So, at last, we can get to Yoneda's lemma, as I [promised earlier][yoneda-promise]. What Yoneda's lemma does is show us how for many categories (in fact, most of the ones that are interesting) we can take the category C, and understand it using a structure formed from the functors from C to the category of sets. (From now on, we'll call the category of sets **Set**.)

So why is that such a big deal? Because the functors from C to the **Set** define a *structure* formed from sets that represents the properties of C. Since we have a good intuitive understanding of sets, that means that Yoneda's lemma

gives us a handle on how to understand all sorts of difficult structures by looking at the mapping from those structures onto sets. In some sense, this is what category theory is really all about: we've taken the intuition of sets and functions; and used it to build a general way of talking about structures. Our knowledge and intuition for sets can be applied to all sorts of structures.

As usual for category theory, there's yet another definition we need to look at, in order to understand the categories for which Yoneda's lemma applies.

If you recall, a while ago, I talked about something called *[small categories][smallcats]*: a small category is a categories for which the class of objects is a set, and not a proper class. Yoneda's lemma applies to a a class of categories slightly less restrictive than the small categories, called the *locally small categories*.

The definition of locally small categories is based on something called the Hom-classes of a category. Given a category C, the hom-classes of C are a partition of the morphisms in the category. Given any two objects a and b in Obj(C), the hom-class **Hom**(a,b) is the class of all morphisms f : a → b. If **Hom**(a,b) is a set (instead of a proper class), then it's called the hom-set of a and b.

A category C is *locally small* if/f all of the hom-classes of C are sets: that is, if for every pair of objects in Obj(C), the morphisms between them form a set, and not a proper class.

So, on to the lemma.

Suppose we have a locally small category C. Then for each object a in Obj(C), there is a *natural functor* corresponding to a mapping to **Set**. This is called the hom-functor of A, and it's generally written: *h*_{a} = **Hom**(a,-). *h*_{a} is a functor which maps from a object X in C to the set of morphisms **Hom**(a,x).

If F is a functor from C to **Set**, then for all a ∈ Obj(C), the set of natural transformations from *h*_{a} to F have a one-to-one correspondence with the elements of F(A): that is, the natural transformations - the set of all structure preserving mappings - from hom-functors of C to **Set** are isomorphic to the functors from C to **Set**.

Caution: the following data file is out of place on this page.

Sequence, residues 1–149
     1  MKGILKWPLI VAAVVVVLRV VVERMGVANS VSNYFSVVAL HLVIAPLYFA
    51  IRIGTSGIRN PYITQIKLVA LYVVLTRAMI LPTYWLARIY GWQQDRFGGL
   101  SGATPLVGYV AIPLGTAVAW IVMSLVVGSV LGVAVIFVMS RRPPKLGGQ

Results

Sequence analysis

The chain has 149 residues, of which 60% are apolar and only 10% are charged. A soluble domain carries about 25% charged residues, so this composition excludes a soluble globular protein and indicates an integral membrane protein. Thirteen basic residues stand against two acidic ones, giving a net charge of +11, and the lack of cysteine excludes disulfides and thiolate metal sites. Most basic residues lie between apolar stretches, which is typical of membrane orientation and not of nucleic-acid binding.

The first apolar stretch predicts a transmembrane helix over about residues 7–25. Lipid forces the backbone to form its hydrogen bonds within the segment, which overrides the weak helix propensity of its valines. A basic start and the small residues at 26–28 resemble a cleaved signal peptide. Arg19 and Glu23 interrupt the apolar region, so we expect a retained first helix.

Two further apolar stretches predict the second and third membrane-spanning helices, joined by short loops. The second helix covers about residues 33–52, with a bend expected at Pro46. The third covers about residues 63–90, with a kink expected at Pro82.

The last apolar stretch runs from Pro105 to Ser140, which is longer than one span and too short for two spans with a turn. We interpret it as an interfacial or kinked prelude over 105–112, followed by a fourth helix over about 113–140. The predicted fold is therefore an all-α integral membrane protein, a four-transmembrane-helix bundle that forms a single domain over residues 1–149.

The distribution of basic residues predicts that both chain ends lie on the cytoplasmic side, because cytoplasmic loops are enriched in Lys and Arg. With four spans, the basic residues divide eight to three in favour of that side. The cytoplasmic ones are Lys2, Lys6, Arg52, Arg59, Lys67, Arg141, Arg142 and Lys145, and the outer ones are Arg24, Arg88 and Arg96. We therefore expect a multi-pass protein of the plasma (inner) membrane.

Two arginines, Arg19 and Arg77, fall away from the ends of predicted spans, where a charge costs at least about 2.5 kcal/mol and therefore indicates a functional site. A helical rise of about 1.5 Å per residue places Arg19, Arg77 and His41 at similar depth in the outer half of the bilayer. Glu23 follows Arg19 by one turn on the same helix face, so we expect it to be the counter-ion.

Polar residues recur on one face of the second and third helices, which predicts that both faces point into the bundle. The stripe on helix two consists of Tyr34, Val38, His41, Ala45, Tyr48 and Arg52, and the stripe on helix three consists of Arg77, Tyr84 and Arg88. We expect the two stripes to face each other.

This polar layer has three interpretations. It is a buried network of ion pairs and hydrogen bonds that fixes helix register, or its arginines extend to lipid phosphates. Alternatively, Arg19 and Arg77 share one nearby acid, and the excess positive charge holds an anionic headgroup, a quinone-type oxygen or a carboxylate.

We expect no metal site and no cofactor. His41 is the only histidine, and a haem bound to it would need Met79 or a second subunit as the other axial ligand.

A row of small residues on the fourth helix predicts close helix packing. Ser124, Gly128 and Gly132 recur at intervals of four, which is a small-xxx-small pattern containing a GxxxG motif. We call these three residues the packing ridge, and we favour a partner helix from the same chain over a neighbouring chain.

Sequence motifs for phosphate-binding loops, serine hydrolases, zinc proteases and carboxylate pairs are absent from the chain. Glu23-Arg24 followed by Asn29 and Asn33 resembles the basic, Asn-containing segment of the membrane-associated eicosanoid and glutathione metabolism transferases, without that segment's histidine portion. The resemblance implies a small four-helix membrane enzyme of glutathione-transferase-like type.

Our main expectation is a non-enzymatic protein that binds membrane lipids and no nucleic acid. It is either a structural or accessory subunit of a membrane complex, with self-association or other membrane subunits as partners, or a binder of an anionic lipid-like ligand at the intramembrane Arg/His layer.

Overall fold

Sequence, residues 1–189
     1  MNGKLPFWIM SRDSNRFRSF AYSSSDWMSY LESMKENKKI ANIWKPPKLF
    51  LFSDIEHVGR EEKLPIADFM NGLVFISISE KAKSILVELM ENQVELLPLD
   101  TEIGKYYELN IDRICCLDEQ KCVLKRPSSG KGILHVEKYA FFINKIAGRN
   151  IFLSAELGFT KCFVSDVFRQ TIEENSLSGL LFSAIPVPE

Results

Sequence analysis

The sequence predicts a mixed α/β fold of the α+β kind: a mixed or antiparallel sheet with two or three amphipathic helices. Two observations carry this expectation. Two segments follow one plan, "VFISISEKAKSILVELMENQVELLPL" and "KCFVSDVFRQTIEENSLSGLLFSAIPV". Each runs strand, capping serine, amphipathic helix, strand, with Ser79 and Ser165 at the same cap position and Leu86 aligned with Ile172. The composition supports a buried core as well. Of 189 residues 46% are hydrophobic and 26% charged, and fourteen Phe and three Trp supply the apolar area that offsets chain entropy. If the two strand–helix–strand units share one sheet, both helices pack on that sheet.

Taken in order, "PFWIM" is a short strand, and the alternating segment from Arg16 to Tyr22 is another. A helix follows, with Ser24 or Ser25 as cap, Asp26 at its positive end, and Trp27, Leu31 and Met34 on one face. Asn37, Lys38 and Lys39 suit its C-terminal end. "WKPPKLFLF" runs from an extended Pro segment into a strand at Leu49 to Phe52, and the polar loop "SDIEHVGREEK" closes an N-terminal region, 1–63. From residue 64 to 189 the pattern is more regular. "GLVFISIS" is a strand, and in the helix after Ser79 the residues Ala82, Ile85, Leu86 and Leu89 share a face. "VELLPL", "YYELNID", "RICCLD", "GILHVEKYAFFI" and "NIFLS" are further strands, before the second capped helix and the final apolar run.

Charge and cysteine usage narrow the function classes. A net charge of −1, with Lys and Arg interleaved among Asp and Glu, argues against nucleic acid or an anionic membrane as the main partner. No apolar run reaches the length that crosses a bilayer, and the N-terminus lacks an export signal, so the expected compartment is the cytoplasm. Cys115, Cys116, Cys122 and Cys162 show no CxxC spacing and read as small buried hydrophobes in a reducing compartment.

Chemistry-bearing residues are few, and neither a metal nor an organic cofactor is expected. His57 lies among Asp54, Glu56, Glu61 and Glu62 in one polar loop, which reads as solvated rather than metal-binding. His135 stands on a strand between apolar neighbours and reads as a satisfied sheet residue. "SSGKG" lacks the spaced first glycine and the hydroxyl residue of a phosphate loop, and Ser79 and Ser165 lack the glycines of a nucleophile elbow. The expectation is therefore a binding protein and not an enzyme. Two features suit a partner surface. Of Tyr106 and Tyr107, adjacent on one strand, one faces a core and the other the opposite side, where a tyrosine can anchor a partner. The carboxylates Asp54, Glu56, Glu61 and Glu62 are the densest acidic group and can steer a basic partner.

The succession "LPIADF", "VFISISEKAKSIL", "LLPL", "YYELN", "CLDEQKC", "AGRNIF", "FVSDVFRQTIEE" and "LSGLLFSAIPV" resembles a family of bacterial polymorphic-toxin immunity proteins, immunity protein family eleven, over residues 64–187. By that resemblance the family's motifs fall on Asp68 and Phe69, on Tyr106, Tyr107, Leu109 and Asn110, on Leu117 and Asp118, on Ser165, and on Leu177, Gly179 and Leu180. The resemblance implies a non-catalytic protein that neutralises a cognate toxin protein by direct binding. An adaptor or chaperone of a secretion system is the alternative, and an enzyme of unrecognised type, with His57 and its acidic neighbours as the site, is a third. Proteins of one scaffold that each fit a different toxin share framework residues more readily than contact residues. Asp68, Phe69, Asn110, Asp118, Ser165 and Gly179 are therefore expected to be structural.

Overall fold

So the functors from C to **Set** provide all of the structure preserving mappings from C to **Set**.

Yesterday, we saw a way how mapping *up* the abstraction hierarchy can make some kinds of reasoning easier. Yoneda says that for some things where we'd like to use our intuitions about sets and functions, we can also *map down* the abstraction hierarchy.

(If you saw my posts on group theory back at GM/BMs old home, this is a generalization of what I wrote about [the symmetric groups][symmetry]: the fact that every group G is isomorphic to a subgroup of the symmetric group on G.)

Coming up next: why computer science geeks like me care about this abstract nonsense? What does all of this gunk have to do with programming and programming languages? What the heck is a Monad? and more.

[symmetry]: http://goodmath.blogspot.com/2006/04/permutations-and-symmetry-groups.h…

[yoneda-promise]: http://scienceblogs.com/goodmath/2006/06/category_theory_natural_transf…

[smallcats]: http://scienceblogs.com/goodmath/2006/06/more_category_theory_getting_i…

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This smells of Riesz representation lemma.

John:

I haven't studied functional analysis, but a quick reading of a bit of stuff about the Riesz representation does sound quite similar. I don't think that it's quite the same; from my admittedly limited understanding, I doubt that the hilbert spaces would form a locally small category. But the general flavor of the representation has the same flavor.

So, what is yellow and equivalent to the "axiom of choice?" - Zorn's Lemmon...

Sorry, I just couldn't help myself...

Interesting.

Since I am a toplogist by trade, I have an interest in categories.

Why? One of the more common techniques we use is to assign a group to a "sufficiently nice" topological space; this group is called the "fundamental group". This assignment is made by a fuctor from the category of "nice topological spaces" to the category of groups.

For example: a circle gets assigned the infinite cyclic group; a disk gets assigned the trivial group.

To see "fun" applications of this, try picking up a copy of The Knot Book by Colin Adams.

Anyway, my long winded point is that this stuff is useful.